As we continue with Philips quest for Hegemon
The Third Sacred War
While these events were taking place in the north, the Third Sacred War had broken out in the south, the greatest disturbance in the history of Greece, and in fact the end of its independence. Thebes had suffered some minor setbacks on Euboea and wanted to compensate for them by the conquest of Phocis, a comparatively powerless state in the west of central Greece. However, the Phocians learned what was about to happen, and in the spring of 356, they helped themselves to the temple treasury of Delphi, and hired an army of mercenary. Technically, this was sacrilege, and it offered the Thebans an excuse to do what they wanted to do anyhow: they were fighting for the honor of the god of Delphi, Apollo.
When the Thebans had learned that Athens had lost the Social War (summer 355), they understood that this once powerful state could not help the Phocians, and in 354, war broke out. Within a few month, all Greek cities were allied to one of the opposing sides. In the east, the former allies of Athens sided with Thebes, and Athens itself, although powerless, joined the Phocians. Sparta did the same, and its archenemies Agros and Megalopolis received help from Thebes; in the far west, the parties in the civil wars of Syracuse and the rest of Sicily and southern Italy lined up with one side or another; and in the north, the inhabitants of Pherae used the Phocians to liberate Thessaly from Theban occupation (or, the other way round, the Thessalians asked Theban help against the Pheraeans).
While the Greeks were destroying each other, two kings were smiling: Artaxerxes III Ochus knew that his Egyptian enemies would receive no support, and Philip knew that he could consolidate his conquests. In 353, he defeated the Thracian leader Amadocus and Cetriporis, who became his vassals. The eastern frontier, which was destabilized after the annexation of Crenides/Philippi, was secure again.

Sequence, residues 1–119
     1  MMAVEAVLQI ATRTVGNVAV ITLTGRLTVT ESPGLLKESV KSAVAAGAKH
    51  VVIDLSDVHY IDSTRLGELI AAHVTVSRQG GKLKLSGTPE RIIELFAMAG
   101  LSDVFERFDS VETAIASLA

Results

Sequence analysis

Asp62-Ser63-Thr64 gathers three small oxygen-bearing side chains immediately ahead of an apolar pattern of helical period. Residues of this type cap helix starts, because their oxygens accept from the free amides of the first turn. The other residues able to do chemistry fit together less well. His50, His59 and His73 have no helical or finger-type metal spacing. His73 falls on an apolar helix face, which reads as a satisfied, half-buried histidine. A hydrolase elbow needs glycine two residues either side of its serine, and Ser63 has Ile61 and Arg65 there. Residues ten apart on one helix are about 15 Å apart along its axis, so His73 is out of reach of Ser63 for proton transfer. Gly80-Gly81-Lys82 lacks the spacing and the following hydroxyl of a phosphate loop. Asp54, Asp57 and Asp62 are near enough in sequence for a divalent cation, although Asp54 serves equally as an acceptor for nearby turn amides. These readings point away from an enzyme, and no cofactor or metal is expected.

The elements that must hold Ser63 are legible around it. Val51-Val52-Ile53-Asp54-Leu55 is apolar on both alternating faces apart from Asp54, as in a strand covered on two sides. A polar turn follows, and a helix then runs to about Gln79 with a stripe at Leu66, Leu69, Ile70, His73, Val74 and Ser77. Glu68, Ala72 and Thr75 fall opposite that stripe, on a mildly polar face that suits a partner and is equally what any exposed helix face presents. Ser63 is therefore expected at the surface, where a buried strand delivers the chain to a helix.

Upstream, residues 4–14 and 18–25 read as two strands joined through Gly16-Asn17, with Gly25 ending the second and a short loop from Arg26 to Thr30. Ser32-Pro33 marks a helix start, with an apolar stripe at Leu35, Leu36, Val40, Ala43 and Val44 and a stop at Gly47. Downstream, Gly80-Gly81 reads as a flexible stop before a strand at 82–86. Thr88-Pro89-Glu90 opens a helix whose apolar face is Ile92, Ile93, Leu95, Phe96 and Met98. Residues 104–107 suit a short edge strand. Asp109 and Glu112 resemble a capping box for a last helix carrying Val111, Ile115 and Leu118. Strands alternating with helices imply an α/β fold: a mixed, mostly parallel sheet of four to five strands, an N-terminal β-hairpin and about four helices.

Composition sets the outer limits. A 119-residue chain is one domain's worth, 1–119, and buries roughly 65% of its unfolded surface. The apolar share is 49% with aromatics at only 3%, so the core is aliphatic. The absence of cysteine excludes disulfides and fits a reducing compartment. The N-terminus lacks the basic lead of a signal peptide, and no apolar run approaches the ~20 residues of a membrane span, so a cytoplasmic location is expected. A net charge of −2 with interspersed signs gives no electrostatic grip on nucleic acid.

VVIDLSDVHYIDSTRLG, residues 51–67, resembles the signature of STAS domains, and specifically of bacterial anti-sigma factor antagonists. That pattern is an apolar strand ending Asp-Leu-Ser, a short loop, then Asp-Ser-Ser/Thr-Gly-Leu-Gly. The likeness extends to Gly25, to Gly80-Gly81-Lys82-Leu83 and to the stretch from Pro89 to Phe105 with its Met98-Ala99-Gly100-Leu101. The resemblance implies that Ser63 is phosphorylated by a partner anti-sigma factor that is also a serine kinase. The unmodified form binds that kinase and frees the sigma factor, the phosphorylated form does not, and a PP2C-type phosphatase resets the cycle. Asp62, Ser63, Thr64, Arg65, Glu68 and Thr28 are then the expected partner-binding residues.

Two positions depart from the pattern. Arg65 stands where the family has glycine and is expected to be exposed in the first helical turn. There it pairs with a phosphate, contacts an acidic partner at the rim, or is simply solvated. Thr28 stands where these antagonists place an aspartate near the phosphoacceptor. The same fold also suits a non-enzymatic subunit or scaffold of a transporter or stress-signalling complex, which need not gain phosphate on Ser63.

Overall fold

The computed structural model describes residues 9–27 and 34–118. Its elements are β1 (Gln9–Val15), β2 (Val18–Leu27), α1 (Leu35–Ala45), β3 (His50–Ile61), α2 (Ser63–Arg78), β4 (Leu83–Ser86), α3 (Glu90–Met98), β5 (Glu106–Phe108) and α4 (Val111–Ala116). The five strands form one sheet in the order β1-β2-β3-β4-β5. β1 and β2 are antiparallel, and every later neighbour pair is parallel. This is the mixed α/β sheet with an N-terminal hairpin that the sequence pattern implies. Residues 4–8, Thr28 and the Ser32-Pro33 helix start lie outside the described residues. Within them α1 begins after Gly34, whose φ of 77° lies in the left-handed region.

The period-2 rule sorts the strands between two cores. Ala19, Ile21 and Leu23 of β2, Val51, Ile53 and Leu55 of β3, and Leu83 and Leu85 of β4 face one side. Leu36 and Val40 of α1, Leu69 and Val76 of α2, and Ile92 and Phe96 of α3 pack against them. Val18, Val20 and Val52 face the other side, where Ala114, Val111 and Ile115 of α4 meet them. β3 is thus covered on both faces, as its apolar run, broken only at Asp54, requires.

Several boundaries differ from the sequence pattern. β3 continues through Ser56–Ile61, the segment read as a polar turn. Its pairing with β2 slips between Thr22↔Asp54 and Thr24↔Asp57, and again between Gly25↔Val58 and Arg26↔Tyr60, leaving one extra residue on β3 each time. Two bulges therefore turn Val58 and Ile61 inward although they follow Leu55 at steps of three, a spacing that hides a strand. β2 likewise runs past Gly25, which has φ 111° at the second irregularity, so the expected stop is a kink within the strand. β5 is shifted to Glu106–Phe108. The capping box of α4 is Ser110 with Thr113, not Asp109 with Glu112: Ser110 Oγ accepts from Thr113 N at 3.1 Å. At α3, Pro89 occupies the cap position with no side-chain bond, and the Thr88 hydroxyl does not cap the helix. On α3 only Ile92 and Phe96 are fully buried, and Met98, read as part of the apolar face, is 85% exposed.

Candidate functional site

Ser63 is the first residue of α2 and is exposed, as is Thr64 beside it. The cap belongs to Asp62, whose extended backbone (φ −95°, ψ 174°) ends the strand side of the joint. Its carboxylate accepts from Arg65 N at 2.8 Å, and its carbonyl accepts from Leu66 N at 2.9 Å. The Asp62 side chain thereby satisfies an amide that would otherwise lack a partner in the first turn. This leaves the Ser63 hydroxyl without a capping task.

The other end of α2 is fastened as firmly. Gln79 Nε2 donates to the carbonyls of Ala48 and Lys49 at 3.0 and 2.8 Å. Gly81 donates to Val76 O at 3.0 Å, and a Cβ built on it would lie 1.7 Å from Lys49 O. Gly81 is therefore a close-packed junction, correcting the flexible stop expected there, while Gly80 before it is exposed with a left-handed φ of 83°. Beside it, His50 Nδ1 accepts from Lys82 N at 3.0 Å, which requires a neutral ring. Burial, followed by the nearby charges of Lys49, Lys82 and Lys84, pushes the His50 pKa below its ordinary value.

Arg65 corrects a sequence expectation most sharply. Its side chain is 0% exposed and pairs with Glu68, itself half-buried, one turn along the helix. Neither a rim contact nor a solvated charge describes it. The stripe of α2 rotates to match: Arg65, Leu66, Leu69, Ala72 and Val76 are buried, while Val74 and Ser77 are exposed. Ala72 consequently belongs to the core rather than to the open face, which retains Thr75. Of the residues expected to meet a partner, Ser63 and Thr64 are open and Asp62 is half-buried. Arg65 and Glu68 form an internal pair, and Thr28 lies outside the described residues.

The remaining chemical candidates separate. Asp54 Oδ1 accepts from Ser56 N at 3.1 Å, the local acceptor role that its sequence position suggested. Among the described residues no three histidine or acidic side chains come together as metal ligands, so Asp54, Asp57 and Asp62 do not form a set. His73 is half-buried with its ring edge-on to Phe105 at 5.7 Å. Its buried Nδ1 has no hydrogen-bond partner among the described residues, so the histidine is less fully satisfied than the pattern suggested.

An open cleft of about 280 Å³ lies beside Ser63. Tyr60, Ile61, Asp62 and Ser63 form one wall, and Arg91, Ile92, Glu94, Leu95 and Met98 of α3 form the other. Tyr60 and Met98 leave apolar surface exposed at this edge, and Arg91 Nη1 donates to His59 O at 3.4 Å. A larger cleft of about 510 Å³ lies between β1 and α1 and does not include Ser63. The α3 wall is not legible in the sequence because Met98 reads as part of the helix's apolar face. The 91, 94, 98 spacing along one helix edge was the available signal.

In fact, the future was even brighter than Philip expected. In Thessaly, the inhabitants of Larissa and their Theban allies were challenged by the Pheraeans and the Phocians. Traditionally, Larissa had been allowed to appoint the tagos, president, of the Thessalian confederacy, but the Pheraeans had obtained it under their leader, a tyrant named Jason. But he had been killed and everything was open again. Philip, who hardly needed an invitation, gladly offered help to the Larissans when they requested it in 353, and invaded Thessaly, proclaiming to fight for Thebes and the honor of Apollo, whose portrait from now on graced Macedonian coins.
Unexpectedly, Philip was defeated, for the first time in his life, by the Phocian commander Phayllus, who employed catapults, a weapon that the Macedonians had never seen before. During the winter, Philip had to overcome a mutiny of his soldiers (the only one in his career), but in 352, he was back again. The Phocians and Pheraeans offered battle on the coastal plain (the “Crocus Field”), where they expected Athenian help, but the Macedonian king had already defeated his opponents before the Athenians arrived. Philip ordered the execution of the sacrilegious Phocians, proceeded to Larissa, and got what he wanted: he was the new tagos.